independent labs to determine whether the fibrous minerals are

"For mining, we would expect a comprehensive and extensive
evaluation of the presence and distribution of asbestiform
minerals throughout the ore body and waste rock," Lynch said.

In bulk sampling, the company will collect tons of rock from the
surface and test it to determine what types of equipment it will
need for processing when it begins mining. Lynch said the DNR is
still asking questions about the company's plan.

In October, the state disclosed that a rock containing asbestiform
grunerite was found at one proposed bulk sampling site. The
company has since removed that site from its plan.

Grunerite occurs in iron deposits from Minnesota to Michigan. It
isn't always in the form that is problematic, but geological
surveys describe fibrous bundles of "needles" that match the
description of asbestiform grunerite as early as the 1920s near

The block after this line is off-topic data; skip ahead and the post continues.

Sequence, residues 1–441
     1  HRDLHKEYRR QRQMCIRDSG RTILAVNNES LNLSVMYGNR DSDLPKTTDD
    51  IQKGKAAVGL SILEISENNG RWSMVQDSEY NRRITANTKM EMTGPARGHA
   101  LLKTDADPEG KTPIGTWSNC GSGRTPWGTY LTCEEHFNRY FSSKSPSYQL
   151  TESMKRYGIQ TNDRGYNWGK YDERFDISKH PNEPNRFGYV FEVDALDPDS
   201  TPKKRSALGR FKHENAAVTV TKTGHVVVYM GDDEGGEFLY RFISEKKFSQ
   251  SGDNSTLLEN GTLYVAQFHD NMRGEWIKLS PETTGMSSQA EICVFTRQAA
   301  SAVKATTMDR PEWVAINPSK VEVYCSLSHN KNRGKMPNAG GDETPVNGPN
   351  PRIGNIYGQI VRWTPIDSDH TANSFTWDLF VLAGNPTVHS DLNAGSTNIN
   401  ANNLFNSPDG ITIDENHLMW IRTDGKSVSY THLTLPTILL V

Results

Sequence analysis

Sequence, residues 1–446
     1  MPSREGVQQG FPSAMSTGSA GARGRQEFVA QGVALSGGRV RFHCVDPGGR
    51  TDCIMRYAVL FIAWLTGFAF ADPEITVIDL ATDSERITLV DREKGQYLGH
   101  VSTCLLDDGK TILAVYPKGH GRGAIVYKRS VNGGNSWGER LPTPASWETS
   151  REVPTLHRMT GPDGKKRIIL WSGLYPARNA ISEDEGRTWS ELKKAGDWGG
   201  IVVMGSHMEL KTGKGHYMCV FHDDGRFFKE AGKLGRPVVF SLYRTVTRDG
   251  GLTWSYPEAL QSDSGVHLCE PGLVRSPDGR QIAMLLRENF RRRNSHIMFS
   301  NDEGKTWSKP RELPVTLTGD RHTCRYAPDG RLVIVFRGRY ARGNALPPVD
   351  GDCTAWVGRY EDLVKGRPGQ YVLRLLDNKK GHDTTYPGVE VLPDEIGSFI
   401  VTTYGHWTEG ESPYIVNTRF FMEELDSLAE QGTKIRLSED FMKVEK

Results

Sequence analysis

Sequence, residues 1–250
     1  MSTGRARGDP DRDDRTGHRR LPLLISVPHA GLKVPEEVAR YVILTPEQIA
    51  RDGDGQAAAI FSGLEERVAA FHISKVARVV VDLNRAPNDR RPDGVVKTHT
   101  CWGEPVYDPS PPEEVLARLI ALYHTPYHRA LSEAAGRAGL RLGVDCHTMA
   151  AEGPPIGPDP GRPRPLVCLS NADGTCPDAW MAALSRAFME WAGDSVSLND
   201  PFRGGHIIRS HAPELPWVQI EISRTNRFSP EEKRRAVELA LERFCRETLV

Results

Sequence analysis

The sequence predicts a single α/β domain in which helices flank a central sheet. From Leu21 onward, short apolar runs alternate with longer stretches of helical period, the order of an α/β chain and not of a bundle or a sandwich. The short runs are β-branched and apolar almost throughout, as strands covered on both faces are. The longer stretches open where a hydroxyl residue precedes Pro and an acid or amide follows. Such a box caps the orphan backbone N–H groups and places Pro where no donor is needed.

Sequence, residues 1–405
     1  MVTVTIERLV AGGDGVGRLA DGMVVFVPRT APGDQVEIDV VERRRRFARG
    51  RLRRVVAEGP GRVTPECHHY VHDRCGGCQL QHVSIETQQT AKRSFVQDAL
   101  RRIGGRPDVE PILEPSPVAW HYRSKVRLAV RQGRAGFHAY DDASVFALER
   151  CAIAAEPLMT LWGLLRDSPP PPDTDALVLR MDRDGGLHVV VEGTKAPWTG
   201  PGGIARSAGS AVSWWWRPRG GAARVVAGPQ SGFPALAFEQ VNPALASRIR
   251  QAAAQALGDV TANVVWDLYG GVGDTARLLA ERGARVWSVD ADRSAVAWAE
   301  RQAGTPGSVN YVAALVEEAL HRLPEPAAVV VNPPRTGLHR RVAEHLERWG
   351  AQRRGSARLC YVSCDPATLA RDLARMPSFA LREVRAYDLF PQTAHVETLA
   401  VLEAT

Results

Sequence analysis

the Tyler Forks River not far from the east edge of the mine site.

ASBESTOS UPDATE: Solon's Suit Makes Second Wave of Fibro Claims
Law360 reported that a recent lawsuit by Rep. Carolyn McCarthy,
D-N.Y., renewed the controversy surrounding allegations by
longtime smokers that their lung cancer was caused by asbestos
exposure, but experts say the claims are only likely to grow more
popular, considering the prevalence of lung cancer in comparison
to mesothelioma.

According to the report, after McCarthy sued General Electric Co.,
Georgia Pacific LLC, Pfizer Inc. and dozens of other companies in
October, she was criticized by several media columnists, most
notably New York Times business writer Joe Nocera.

ASBESTOS UPDATE: Toxic Dust Troubles Binghamton Schools
Asbestos was found in several schools in Binghamton, New York. And
knowing how dangerous it could be to people's health, Florida
asbestos testing company, AGC Environmental, shared a way how
others could avoid its health risks.

In a report from wicz.com, which was posted on December 6, 2013,
it was said that three Binghamton schools were particularly
discovered to contain asbestos, AGC Environmental shared.
Nonetheless, it relayed that the crawl spaces where it was found
were already sealed and the classrooms were cleaned.